The Joint Venture team at Contract E in New Haven has driven itself four months ahead of schedule. At the most ambitious highway project ever undertaken in the state and the byword for productivity, the work of Carpenter Foreman Ryan Young has gained special notice.
Young and his small winter crew frame various large concrete structures: bridge decks, abutments, parapets. They build the wooden frames and forms that hold the wet concrete while it takes shape and then strip off those forms when the concrete is cured. Young’s is one of six carpentry crews that work at Contract E.
Young is youthful for a foreman. In his thirties, rugged and looking the part of a leader, he is very uncomfortable if he is not pushing his assignments forward, even on ice-cold winter days. He’s been with O&G since 2007 and was promoted to foreman at Contract E two years ago.
Carpentry has been all Young has set his hand to since high school. He recalls his years in residential framing where his work ethic was formed. It was a do or die, invaluable, mind-setting experience. “Framing houses is go-go-go,” he says, “and if you can’t keep up with the pace you’re gone. To have a very productive mind to do carpentry it helps to have a residential go-go-go background. You learn how fast things need to get done in order to make money.”
Bob Nardi, Structural Superintendent at E, seeks carpenters with a residential production background. “I’ll hire those guys all day long. They know what it takes to get the work done. They can pick up bridge work easily, but they bring that drive.”
Young deliberately learned from foremen at every job he’s worked for O&G, boosting his competency. “I’ve worked with a lot of good ones. I’ve learned three or four different ways to do everything.” So he’s not daunted by challenges, whether it’s a specification, a working environment or a schedule. He also has a brotherhood of experienced foremen and superintendents he can bounce ideas off of.
Young pushes any accolades for his productivity toward his carpenters and laborers. A camaraderie that fosters cooperation that leads to productivity flows down from Young. “I have good guys working for me, a really good crew. It’s all about the guys. If you can get the guys who do it once and it’s done right the first time, you don’t have to go back and change things. That’s a perfect world.” When Jerry Meskun retired two years ago Young inherited his crew. He has two of those men – “Ziggy” Lata and Armando Machado – with him on E along with laborer Charlie Guzik and Wayne Ritchie, a carpenter foreman helping out until he has his own crew come spring.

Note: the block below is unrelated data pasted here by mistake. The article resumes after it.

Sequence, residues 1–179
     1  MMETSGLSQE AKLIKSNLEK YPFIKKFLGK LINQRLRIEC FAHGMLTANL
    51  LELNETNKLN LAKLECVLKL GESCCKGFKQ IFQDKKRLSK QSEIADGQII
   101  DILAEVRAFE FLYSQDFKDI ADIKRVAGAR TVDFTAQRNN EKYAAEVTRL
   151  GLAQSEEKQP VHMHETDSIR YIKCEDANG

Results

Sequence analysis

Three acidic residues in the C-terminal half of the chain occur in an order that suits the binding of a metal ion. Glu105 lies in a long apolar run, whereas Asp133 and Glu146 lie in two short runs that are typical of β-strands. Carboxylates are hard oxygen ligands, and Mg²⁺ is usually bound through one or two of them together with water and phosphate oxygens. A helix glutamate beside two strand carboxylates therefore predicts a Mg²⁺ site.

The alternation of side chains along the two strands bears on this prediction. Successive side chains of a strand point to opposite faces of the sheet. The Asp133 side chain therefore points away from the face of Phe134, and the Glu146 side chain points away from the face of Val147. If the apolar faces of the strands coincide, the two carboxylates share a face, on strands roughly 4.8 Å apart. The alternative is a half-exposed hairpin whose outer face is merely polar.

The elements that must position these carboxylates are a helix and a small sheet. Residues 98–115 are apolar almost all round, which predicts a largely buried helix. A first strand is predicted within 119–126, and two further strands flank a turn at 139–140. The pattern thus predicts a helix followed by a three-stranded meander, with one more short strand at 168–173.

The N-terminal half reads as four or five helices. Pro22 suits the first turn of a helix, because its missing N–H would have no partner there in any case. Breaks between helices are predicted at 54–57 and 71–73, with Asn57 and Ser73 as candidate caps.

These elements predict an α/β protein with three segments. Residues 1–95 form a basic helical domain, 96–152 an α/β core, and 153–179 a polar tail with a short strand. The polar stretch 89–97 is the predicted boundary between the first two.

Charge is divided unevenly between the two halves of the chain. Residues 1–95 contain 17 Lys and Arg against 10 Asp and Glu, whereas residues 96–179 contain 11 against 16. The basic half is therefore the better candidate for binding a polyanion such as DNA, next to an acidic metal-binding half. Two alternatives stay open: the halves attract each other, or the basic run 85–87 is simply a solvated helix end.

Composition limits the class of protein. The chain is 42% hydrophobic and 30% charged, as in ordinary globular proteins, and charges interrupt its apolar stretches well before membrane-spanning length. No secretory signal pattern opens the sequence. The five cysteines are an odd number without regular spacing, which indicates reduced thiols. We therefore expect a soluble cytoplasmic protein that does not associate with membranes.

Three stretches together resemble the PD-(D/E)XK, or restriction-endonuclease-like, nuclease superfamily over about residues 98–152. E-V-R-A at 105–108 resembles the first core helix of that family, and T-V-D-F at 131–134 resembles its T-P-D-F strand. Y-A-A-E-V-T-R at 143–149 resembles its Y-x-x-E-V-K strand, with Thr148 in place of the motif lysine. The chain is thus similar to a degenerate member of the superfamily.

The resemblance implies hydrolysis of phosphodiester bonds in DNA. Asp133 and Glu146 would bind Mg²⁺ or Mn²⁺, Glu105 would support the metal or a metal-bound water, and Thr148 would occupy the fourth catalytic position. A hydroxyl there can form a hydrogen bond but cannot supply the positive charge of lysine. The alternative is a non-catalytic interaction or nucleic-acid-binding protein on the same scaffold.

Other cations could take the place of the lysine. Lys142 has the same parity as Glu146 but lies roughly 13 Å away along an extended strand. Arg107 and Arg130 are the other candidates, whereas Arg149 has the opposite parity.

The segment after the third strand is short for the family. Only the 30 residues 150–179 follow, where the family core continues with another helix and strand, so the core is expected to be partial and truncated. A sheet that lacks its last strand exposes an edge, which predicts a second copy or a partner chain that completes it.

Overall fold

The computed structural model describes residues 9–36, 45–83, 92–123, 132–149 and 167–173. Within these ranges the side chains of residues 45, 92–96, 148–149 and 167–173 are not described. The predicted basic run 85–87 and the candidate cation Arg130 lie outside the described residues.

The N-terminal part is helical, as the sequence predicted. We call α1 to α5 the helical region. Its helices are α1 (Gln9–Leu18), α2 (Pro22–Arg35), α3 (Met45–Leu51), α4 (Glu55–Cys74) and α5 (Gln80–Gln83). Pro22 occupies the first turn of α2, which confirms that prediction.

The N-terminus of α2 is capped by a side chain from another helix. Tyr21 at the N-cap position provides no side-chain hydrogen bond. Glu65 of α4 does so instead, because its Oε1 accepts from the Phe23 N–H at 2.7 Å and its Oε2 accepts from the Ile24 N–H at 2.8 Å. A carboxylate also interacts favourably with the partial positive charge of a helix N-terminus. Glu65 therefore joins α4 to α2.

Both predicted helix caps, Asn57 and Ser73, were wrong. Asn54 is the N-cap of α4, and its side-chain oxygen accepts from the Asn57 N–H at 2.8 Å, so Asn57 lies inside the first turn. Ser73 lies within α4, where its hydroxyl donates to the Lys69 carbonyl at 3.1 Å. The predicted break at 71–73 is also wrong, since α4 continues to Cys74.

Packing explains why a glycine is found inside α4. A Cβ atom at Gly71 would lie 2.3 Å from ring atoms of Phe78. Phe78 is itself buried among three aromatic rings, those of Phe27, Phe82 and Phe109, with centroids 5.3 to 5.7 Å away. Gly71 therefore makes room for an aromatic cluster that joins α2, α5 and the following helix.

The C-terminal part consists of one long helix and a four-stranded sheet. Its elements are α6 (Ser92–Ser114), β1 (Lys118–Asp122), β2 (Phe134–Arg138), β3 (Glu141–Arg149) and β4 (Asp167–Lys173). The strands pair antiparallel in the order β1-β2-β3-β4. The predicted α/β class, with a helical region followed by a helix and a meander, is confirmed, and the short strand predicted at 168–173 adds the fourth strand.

Turning out work quickly only counts if that work is good work, Young knows. Push- ing productivity without pushing quality would be to build a house of cards. Young, who laughs when he says, “I’m OCD like crazy,” sees doing things right the first time as the only acceptable way to build. “If you’re getting the work done on time and it’s coming out nice, that’s the number one thing. I don’t want to cost the company money. I want to make them money, then we all benefit. I really, really, really care about how things come out.” He calls it a perfect mixture when he hits that sweet spot between “making it really nice and keeping the task moving.”
What Young says of his crew he extrapolates to the company as a whole: do good work that comes out nice, finish it on time and you’re always going to have work.
What happens to productivity when winter weather rolls in? “It takes a huge toll but we keep moving ahead,” he says. This winter has been mild; the winter of 2015, the coldest recorded in the state, was the worst he’d ever experienced. “Machines are not meant to run in those temperatures. Power cords cracked, saws were dying faster. Plus it’s harder to move when you’re all bundled up. For weeks we framed an abutment, fifty feet high, and we had a sustained 20-mile-per-hour wind funneling through that corner every day. That was unbelievable.
But Young’s crew refused to bow down before the weather, the work continued and today, due to the steady accumulation of such days logged by Young and others at E, the strategy to drive ahead of the schedule has held solid.